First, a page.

Using Traditional Machine Learning Techniques for Predicting the Best Clinical Outcomes On Improvement In Vas, Mod And Ncos Based Upon Clinical And Imaging Features

PURPOSE OR LEARNING OBJECTIVE:

To use machine learning techniques for predicting the clinical outcomes on improvement in VAS, MOD, and NCOS based on the managements like Spinal decompression without fusion (open discectomy/Laminectomy), Spinal compression with fusion, and Conservative Management.

METHODS OR BACKGROUND:

Patients with symptomatic lumbar spine disease with back pain with or without radiculopathy and neurological deficit were enrolled. The primary outcome measures were Visual analogue scale (VAS), Modified Oswestry Disability Index (MOD), and Neurogenic Claudication Outcome Score (NCOS) collected at pre-operatively and at 3 months post-operatively. The further analysis studied the following factors to determine if any are predictive of outcomes: sex, BMI, occupation, involvement in sports, herniation type, depression, work status, herniation level, duration of symptoms, and history of past spine surgery. The features were selected and machine learning models were trained to predict the improvement in the primary outcome measures. The results were evaluated on the basis of the ROC-AUC score for different classes.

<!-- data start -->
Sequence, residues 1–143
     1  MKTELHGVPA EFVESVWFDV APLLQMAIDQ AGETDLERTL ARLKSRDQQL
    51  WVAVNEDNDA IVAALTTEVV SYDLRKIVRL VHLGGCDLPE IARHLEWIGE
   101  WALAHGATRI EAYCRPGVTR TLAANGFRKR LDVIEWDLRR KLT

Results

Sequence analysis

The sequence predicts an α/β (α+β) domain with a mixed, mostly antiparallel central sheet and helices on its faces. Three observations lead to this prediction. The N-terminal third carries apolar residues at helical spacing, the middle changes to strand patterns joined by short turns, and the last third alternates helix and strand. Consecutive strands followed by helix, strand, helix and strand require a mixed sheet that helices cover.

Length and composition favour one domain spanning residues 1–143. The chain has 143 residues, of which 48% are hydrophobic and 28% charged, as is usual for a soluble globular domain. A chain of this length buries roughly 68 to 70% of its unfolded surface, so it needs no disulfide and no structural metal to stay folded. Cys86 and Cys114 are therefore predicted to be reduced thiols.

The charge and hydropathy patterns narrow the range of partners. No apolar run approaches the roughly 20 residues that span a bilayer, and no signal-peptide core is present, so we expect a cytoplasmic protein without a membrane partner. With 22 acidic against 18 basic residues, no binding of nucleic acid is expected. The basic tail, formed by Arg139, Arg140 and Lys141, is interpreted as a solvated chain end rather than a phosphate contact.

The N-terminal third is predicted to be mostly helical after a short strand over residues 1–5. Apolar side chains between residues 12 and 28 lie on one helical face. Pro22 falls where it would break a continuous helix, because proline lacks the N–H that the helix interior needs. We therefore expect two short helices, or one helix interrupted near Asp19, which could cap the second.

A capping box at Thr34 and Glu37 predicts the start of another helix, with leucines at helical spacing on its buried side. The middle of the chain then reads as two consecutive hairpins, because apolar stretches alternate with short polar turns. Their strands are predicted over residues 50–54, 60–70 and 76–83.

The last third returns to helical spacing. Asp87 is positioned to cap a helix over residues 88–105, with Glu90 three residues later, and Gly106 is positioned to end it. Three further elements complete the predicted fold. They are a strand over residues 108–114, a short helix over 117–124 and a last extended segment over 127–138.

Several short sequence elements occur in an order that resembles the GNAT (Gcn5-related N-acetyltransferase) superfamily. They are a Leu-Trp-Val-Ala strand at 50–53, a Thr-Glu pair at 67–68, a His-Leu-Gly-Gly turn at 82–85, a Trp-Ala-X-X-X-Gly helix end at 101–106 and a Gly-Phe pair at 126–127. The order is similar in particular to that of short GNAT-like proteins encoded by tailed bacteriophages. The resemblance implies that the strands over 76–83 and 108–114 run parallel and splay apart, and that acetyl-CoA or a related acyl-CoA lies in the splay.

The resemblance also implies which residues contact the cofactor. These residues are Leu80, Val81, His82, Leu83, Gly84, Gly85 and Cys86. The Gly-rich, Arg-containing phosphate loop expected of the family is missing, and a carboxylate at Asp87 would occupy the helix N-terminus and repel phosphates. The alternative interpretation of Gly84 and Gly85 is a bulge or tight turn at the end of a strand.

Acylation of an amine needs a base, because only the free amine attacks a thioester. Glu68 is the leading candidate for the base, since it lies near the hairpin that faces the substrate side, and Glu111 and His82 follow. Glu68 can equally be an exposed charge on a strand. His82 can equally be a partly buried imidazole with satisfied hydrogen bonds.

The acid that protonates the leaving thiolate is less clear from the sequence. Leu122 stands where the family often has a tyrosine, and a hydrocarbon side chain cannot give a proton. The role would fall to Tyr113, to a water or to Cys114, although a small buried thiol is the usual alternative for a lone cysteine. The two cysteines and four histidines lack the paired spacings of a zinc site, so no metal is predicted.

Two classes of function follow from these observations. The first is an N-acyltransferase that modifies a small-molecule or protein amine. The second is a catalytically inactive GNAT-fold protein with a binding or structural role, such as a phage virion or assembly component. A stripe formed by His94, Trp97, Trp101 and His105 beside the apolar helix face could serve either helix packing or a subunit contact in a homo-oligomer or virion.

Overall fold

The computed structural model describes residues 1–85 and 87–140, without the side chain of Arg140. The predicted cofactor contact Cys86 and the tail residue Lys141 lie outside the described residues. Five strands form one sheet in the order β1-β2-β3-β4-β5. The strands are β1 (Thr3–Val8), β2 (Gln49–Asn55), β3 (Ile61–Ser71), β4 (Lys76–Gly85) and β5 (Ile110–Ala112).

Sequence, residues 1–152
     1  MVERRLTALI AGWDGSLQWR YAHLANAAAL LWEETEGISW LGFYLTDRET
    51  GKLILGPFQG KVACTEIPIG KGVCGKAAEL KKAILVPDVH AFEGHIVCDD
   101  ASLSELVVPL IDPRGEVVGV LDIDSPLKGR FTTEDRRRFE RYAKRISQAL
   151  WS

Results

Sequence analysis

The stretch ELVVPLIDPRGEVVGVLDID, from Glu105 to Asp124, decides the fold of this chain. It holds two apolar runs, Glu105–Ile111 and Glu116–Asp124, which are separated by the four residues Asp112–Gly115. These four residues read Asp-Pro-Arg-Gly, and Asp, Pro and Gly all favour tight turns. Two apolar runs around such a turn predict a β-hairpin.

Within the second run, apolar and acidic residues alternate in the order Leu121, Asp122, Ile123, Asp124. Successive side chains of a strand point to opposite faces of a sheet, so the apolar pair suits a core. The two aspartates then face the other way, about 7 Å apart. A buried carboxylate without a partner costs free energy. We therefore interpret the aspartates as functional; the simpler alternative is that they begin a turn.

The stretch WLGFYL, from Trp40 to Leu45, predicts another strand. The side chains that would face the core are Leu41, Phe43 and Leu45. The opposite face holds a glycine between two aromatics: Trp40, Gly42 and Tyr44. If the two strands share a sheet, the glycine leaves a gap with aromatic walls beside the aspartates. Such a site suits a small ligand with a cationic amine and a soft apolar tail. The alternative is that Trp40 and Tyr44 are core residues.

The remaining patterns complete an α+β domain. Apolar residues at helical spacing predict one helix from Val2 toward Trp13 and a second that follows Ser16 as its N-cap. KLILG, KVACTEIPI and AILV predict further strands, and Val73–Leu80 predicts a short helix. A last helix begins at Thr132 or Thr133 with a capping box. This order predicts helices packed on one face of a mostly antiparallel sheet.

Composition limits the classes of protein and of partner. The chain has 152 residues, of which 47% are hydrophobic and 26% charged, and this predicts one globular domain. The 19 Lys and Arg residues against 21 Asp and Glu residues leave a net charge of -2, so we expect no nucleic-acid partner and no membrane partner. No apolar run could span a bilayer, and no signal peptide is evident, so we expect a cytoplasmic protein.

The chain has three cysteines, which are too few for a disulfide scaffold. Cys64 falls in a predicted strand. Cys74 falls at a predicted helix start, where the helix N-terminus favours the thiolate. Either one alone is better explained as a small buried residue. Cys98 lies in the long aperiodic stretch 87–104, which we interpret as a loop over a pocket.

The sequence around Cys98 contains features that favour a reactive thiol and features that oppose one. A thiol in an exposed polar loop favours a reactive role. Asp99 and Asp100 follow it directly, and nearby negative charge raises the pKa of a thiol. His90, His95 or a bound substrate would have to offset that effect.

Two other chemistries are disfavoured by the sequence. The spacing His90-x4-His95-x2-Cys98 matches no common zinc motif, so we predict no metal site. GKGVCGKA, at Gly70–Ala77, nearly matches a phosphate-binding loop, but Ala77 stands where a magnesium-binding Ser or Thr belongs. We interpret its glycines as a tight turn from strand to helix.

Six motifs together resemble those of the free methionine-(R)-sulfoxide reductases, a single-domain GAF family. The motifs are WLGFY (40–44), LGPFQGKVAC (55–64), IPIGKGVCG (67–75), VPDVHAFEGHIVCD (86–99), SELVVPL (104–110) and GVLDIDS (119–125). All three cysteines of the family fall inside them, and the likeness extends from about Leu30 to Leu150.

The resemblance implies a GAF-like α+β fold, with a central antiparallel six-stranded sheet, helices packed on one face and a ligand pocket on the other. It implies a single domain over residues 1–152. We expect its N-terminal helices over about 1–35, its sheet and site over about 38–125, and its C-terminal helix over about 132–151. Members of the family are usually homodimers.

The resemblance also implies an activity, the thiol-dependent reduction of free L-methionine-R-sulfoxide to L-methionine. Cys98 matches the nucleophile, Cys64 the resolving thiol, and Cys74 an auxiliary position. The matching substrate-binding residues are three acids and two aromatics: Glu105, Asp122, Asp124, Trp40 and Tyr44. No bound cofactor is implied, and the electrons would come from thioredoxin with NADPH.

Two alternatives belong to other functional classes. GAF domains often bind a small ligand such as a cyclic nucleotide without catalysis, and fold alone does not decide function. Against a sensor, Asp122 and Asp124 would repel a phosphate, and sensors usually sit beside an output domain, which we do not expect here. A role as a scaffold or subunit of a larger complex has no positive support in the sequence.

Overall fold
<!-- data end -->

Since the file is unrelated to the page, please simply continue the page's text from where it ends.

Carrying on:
RESULTS OR FINDINGS:

There were a total of 200 entries of patients with Lumbar Spine Disease between age 18 and above. Among the various Machine Learning Models, Random Forest Classifier gave the best ROC-AUC score in all three classes. The AUC score for VAS, MOD, and NCOS was 0.877, 0.8215, and 0.830 respectively and the macro-average AUC score was found to be 0.84 (see Fig.1).

Fig 1: ROC-AUC scores of different Machine Learning Algorithms on Test Dataset.

CONCLUSION:

Machine Learning model could be used as a predictive tool for deciding the type of management that a patient should undergo to achieve the best results. Based on the predicted improvement in different indices for the particular management type, the predictions could help Surgeons for deciding the type of management that would be most beneficial for the patient.